Accupuncture scores some points.

Read this article. Courtesy of Science Daily. They are a wonderful website. One of the best science news sites I’ve ever seen.

So I’m starting to believe there might be something to this whole accupuncture thing. I’ve never experienced it myself, but I know several people who swear by it. I was leaning towards a placebo potential, but this new research looks promising. Maybe I’ll give it a try.

Anyone here ever experienced it? How’d it go?

DaLovin’ Dj

Um. Not to burst your bubble or anything, Deej, and you already know how I feel about your alternative press news sources… :smiley: … but:

  1. A single study does not constitute “proof”. Before that happens, other people will have to go out and be able to reproduce the results of this study.

  2. As I understand it, this study was not studying whether acupuncture works. It seems to be taking it as a “given” that acupuncture DOES work, and was only studying whether acupuncture works better if you twirl the needles around in a certain way, rather than simply poking them in and leaving them there.

  3. This article gives no facts whatsoever about the study. It doesn’t say how many subjects participated in the study, it doesn’t give any real scientific details of their testing procedure, or of how they decided that the needles work better if you twirl them around.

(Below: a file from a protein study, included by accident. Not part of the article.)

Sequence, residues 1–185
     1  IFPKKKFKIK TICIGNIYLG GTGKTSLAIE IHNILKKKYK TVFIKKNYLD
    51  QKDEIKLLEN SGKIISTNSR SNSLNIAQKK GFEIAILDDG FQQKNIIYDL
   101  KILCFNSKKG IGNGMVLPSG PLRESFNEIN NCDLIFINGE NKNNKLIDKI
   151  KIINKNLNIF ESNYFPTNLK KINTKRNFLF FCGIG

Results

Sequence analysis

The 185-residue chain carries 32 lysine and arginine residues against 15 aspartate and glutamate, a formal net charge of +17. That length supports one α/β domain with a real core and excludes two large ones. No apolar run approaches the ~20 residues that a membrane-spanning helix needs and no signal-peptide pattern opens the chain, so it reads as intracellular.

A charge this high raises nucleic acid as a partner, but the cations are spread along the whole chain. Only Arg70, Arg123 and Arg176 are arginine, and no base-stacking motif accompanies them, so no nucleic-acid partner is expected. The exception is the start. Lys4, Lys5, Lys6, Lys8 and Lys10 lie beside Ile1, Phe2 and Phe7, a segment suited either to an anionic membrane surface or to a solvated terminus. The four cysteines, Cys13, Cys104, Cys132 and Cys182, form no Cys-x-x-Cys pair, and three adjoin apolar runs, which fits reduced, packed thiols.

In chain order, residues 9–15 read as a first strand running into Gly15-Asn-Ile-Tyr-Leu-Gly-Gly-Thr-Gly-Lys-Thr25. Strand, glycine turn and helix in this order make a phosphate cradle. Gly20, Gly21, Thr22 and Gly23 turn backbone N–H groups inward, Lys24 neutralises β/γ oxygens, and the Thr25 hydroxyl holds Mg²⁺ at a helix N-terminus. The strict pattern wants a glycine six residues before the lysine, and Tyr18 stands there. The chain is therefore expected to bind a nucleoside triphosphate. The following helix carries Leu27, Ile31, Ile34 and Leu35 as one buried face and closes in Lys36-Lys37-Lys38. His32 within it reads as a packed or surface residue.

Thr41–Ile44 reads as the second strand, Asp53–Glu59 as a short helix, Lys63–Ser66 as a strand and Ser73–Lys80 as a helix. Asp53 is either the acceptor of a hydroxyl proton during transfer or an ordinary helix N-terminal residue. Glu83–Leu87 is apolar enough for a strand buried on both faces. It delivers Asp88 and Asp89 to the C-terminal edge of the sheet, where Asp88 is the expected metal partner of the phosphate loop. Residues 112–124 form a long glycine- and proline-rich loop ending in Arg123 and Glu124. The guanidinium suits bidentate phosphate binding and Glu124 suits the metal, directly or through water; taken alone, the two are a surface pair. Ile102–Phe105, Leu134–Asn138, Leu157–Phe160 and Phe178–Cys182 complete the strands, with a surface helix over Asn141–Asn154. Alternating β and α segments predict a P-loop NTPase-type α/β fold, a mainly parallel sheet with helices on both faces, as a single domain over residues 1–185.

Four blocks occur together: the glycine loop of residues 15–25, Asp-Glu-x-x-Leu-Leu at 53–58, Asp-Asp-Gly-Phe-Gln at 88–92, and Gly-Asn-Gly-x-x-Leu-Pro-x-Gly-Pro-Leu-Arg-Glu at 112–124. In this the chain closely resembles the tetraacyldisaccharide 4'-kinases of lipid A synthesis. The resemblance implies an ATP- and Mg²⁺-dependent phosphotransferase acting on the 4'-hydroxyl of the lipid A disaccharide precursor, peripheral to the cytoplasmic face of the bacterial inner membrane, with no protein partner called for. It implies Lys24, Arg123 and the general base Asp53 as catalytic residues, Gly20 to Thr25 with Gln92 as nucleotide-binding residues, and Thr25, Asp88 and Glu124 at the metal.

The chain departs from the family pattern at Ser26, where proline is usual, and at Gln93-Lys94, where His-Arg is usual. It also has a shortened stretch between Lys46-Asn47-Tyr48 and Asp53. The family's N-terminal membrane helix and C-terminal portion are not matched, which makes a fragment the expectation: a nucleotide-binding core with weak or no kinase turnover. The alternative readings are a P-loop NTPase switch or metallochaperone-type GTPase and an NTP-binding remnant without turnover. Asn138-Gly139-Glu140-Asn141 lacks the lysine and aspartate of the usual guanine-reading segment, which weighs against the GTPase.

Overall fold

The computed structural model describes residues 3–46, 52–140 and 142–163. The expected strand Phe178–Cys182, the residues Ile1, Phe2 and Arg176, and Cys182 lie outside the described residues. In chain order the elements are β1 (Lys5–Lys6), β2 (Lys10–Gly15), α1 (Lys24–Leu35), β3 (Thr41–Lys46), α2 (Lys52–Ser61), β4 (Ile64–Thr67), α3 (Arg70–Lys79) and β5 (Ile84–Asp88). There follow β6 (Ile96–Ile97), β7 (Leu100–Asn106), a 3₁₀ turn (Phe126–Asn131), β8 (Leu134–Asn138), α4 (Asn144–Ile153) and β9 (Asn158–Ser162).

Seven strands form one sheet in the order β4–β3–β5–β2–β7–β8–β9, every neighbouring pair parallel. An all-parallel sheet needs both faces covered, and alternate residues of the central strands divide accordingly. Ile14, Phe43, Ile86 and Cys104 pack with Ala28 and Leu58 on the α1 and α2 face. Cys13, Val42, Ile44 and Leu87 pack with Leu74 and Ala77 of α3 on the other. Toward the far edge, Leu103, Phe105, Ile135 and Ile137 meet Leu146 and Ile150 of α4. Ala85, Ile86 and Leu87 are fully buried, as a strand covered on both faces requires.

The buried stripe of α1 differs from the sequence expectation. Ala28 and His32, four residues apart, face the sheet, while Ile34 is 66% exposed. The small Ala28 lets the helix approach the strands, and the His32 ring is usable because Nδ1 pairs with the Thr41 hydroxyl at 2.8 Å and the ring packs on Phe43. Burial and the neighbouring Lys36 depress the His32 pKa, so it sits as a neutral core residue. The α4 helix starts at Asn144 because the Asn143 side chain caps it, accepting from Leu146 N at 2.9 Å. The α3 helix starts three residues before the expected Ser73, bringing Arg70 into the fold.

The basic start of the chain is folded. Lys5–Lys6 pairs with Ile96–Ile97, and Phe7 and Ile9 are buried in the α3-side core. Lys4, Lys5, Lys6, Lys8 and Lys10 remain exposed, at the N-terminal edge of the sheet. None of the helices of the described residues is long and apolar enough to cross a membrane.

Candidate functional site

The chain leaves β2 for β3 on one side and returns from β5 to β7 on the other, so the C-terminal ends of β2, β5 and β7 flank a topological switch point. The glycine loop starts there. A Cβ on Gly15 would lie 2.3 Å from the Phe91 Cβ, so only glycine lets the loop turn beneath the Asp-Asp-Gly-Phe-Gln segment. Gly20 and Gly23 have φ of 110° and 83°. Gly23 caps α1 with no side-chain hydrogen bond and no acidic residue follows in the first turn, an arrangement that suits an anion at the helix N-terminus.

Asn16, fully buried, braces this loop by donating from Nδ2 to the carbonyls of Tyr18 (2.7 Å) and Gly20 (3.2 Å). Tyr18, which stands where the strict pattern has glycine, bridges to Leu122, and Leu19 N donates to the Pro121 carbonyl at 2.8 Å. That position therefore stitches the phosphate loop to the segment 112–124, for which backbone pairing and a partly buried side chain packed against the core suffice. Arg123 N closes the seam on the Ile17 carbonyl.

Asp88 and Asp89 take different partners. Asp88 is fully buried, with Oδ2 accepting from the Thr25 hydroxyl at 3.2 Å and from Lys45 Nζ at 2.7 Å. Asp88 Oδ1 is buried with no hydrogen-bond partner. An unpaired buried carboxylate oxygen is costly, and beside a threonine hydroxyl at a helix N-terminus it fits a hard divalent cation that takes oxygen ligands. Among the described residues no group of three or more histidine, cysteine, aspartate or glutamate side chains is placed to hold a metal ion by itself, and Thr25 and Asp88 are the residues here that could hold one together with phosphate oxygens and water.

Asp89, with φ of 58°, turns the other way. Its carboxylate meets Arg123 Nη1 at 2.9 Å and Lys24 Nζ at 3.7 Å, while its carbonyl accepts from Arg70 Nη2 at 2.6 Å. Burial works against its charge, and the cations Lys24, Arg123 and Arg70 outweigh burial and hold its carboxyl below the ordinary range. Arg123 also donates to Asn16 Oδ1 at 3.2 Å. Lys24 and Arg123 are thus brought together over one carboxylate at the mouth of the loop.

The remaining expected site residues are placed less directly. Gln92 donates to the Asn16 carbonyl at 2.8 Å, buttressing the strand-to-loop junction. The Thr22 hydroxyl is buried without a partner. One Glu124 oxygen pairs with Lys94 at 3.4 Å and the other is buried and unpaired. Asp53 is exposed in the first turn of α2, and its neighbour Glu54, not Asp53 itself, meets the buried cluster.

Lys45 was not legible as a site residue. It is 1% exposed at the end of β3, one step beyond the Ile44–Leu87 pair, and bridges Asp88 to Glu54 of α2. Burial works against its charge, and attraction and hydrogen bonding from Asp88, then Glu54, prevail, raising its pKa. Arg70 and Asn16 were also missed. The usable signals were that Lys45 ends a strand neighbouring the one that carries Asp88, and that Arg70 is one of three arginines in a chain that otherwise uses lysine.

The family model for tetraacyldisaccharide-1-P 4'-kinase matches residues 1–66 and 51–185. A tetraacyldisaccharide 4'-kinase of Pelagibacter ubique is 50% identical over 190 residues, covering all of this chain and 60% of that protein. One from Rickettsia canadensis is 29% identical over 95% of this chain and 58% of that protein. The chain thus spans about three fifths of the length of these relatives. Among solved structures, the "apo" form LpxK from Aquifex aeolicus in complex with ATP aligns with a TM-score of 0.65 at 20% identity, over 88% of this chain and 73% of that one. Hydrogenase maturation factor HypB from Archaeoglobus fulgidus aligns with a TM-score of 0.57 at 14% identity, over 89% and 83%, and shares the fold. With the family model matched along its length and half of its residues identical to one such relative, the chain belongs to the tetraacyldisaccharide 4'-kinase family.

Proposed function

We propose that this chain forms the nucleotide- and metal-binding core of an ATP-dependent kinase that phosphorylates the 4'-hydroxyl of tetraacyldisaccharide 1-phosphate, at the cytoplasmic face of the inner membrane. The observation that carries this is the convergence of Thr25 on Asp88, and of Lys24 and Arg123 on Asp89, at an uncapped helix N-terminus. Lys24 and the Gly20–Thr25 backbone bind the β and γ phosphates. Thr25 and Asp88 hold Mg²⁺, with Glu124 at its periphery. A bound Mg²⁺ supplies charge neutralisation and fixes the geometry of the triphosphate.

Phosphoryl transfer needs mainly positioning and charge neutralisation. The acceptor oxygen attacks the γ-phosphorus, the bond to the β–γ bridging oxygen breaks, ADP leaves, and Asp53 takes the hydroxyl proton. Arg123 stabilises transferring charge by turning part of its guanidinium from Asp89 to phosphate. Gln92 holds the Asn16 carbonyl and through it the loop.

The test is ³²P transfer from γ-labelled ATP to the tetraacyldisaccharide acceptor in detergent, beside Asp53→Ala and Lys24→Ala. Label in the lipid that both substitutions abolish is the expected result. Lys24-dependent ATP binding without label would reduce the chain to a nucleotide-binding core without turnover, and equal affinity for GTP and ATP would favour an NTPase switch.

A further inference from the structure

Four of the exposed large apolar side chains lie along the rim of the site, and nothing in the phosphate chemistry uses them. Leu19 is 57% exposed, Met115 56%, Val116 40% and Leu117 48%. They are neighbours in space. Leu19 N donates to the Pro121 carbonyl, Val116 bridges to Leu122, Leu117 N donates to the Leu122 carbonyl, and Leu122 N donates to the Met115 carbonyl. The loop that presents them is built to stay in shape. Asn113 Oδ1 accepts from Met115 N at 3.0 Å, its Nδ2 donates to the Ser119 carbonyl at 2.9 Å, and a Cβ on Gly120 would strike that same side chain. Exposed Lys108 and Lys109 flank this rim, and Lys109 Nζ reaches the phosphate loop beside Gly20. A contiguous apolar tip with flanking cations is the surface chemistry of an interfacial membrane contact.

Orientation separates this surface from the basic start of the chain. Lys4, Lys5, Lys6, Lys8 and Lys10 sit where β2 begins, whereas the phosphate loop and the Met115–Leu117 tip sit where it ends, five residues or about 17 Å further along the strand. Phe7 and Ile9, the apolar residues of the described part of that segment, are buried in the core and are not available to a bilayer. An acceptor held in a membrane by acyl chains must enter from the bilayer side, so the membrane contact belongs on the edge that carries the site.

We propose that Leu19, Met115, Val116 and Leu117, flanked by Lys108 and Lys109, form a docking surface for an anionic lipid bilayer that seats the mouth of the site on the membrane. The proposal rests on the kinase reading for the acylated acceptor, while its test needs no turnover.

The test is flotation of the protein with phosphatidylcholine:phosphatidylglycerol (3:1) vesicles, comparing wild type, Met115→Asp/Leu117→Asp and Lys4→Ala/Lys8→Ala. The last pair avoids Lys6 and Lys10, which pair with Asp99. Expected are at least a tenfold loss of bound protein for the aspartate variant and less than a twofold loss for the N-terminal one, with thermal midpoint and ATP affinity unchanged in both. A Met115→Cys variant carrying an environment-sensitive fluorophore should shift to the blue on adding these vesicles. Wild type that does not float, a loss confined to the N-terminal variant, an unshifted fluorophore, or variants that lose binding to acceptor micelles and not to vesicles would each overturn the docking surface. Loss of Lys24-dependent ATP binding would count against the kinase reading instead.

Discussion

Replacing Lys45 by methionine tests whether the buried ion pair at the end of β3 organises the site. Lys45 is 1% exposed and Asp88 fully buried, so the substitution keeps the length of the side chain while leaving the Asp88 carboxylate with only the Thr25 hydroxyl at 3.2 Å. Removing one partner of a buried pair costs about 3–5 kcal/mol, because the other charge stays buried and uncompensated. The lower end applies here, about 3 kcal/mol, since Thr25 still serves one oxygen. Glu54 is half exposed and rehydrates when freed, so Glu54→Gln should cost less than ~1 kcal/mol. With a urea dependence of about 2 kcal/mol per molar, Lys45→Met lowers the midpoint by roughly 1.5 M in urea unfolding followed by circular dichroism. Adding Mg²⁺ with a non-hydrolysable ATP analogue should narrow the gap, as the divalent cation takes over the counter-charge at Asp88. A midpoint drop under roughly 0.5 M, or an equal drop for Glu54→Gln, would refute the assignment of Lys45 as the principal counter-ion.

4. The study, such as it was, was funded by an alternative medicine group.

Not that they’d have any kind of vested interest in positive test results or anything… :rolleyes: I’m such a cynic, I know. :smiley:

  1. I followed the link at the bottom of the article to the “original press release”, here, and found that it’s the same as the article. In other words, the magazine article is just the researchers’ press release, word for word.

So, sorry, the same way that “one swallow doth not a summer make”, “one press release doth not a revolution in medical treatment make”.

And if you just wanted opinions on “how did your acupuncture treatment go?”, or “did it work for you?”, you should have posted this in MPSIMS or IMHO. :wink:

I do want peoples experiences with this form of therapy. I posted it here because it’s a subject that quickly leads to debate. I didn’t say that accupuncture had been proven beyond a doubt, only that I am starting to give it some more credtit. Friends testimonials were giving me pause to begin with, and now this article supports their statments, even if it doesn’t prove them.

DaLovin’ Dj

Well I think DDG is right in pointing out the problems, DJ. Also keep in mind that good science does not rely on testimonials. Testimonials are the tools of frauds and marketers, and science avoids them precisely because it is so easy to become confused when testimonials are admitted.

With that in mind, we now have the following evidence that you mention:

  1. testimonials from thousands of people – but testimonials are not admissible

  2. The study you mention – but DDG already explained the problems with that

What remains? I’m not saying acupuncture does not work because we don’t know one way or another, but it’s important not to jump to conclusions or make assumptions even.

Here’s the abstract from the actual article.

The whole article is available online, but you gotta pay.